Ricotta forte is a traditional Apulian cheese, typically made at home under the kitchen sink or in a dark cantina (cellar), although can be found in supermarkets in Italy. Found in both Puglia and Basilicata, it might also be called Ricotta scanta, 'scante, scanta, ascuante, or "ashquant" in local dialects. Initially, it is made in the same way as ricotta, but using a strong flavored milk such as goat or sheep. The texture is similar to cream cheese, usually with an off-white color. It's definitely a cheese that spreads easily. The aroma coming from this cheese is not for the faint-at-heart, as we can attest to when confronted with ricotta forte one morning at a trullo bed & breakfast near Alberobello.
One sniff snapped our heads back, but we spread it on our toast anyway, our host drizzling some honey on top, then we tasted... To be honest, it reminded me of when I was a kid and out bread developed mold, but that was bland compared to this stuff. The flavor is sharp as a Neapolitan criminal's stiletto, pungent, sour, bitter, with an intensity that burns your nostrils. This cheese is a total assault on your palette. Our eyes snapped open and then teared up. I got some on a sweet pastry sitting on my plate and later on when I bit into it, the whole sweet taste was ruined. It took literally an hour or two for our taste buds to relax back to normal.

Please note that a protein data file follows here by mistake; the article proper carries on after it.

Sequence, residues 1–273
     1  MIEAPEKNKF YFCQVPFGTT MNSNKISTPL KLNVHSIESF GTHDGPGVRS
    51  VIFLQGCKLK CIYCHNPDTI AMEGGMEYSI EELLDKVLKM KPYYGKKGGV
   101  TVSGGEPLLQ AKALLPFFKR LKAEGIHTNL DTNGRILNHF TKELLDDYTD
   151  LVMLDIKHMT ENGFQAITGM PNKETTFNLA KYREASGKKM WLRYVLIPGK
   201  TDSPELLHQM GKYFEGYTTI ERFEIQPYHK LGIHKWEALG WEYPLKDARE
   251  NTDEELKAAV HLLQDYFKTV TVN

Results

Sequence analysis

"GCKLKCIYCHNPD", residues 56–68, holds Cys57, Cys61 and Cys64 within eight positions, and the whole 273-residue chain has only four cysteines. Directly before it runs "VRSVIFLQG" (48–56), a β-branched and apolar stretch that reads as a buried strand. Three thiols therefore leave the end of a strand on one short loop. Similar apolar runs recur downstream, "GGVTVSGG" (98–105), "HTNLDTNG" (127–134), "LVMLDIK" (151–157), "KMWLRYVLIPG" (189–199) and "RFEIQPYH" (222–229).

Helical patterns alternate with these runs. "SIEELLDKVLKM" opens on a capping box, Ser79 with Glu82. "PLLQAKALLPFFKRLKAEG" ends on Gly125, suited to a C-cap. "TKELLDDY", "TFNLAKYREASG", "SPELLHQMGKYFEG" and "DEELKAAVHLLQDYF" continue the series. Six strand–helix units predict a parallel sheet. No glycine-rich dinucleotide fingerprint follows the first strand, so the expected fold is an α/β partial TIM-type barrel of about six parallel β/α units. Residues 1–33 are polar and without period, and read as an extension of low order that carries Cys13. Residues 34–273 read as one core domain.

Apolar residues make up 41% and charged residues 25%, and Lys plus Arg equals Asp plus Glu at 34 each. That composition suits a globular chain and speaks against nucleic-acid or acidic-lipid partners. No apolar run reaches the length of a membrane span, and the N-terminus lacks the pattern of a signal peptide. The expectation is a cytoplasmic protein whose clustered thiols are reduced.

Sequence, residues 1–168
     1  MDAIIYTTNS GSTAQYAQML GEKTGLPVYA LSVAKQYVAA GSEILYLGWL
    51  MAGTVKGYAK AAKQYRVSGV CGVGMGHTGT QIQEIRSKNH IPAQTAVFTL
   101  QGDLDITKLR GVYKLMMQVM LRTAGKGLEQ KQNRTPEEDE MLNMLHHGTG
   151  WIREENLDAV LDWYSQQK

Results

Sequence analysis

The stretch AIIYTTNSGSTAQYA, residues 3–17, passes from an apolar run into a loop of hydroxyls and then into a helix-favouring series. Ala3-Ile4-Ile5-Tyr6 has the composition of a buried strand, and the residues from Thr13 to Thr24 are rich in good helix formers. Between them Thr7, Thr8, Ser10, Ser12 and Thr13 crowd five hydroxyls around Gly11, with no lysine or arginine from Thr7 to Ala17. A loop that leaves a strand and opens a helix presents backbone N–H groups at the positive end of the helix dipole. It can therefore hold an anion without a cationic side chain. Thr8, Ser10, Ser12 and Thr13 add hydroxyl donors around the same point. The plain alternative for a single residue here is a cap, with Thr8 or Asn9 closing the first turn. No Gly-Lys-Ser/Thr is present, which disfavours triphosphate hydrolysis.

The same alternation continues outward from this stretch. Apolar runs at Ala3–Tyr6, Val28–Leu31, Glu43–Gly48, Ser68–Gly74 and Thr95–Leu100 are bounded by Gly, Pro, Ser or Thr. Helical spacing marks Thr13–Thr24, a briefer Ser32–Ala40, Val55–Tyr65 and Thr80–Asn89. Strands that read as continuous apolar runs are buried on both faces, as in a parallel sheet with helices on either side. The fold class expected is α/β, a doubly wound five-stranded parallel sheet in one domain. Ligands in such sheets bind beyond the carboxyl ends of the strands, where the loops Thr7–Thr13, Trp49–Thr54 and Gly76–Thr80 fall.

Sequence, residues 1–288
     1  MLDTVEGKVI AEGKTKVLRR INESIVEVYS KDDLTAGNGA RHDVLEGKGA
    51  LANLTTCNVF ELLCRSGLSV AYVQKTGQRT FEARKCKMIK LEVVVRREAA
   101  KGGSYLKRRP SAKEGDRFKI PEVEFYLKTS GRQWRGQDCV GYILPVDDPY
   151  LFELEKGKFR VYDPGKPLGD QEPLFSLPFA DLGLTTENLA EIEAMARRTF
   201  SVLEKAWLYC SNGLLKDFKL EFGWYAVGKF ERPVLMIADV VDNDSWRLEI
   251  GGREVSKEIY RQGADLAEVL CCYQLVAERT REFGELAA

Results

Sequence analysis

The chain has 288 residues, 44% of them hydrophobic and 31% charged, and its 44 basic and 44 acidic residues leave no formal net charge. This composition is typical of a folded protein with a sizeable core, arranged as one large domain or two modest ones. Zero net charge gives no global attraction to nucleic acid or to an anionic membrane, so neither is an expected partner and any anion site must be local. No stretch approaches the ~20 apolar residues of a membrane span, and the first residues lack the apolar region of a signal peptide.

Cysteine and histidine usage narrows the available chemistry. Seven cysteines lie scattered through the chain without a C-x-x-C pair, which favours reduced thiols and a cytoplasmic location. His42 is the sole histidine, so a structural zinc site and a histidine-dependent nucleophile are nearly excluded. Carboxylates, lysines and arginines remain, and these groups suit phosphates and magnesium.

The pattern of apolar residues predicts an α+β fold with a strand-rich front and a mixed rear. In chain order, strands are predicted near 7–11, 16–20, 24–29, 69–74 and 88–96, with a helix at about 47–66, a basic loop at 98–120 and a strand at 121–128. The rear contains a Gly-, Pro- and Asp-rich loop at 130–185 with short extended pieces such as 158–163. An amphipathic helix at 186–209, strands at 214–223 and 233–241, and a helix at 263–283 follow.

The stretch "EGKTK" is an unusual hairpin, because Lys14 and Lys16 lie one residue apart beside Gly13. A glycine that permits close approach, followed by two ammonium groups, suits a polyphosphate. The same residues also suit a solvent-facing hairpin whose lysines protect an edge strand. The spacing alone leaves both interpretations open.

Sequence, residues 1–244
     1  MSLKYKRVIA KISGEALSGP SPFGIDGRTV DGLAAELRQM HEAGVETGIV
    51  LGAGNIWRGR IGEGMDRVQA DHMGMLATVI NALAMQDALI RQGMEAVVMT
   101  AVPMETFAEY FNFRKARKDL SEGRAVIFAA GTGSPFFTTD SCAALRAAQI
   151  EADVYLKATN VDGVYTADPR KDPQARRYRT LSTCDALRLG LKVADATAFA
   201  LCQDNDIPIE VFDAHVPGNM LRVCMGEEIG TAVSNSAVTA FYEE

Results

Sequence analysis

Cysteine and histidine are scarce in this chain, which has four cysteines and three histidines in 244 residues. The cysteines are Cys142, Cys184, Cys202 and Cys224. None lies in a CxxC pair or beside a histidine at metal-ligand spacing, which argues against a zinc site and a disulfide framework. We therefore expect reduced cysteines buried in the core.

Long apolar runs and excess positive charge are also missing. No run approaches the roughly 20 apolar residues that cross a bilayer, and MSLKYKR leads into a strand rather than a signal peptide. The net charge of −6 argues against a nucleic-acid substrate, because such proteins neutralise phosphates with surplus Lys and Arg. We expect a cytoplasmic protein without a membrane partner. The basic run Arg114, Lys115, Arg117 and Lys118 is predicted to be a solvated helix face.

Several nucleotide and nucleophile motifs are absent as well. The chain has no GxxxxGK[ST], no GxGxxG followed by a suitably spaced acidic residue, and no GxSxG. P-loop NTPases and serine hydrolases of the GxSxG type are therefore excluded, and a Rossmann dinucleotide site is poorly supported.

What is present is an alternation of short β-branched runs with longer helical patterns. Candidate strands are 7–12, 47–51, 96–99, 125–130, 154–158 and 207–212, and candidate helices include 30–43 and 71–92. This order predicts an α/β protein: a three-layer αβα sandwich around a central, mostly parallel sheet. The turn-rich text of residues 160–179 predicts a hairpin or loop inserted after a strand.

Many Pugliese still make this cheese today, a remnant from the days when shepherds came up with this devilish bastardization of the ricotta we all know and love. They placed the freshly made ricotta into small ceramic or glass jars, sprinkled with sea salt, then placed it under their sink or other dark place. A few times each week the lid is removed and stirred in a process that lasts for 3 months. As it matures it grows a fungus which gives this a flavor with more kick than any blue cheese you've ever tasted.
It's a regional specialty that locals enjoy spreading on warm crostini, either plain or drizzled with honey or balsamic. In my opinion, it contrasts too much with sweet things like figs or grapes, but tomatoes and other savory items like anchovies are a better match.
Watch the following video to learn how Ricotta Forte is made. It's in Italian with Italian text, but if you remember the words giorno (day) and mesi (months) you'll figure out how to make it and the time period intervals involved.
In case you'd like to try it yourself, here is one place you can buy a jar.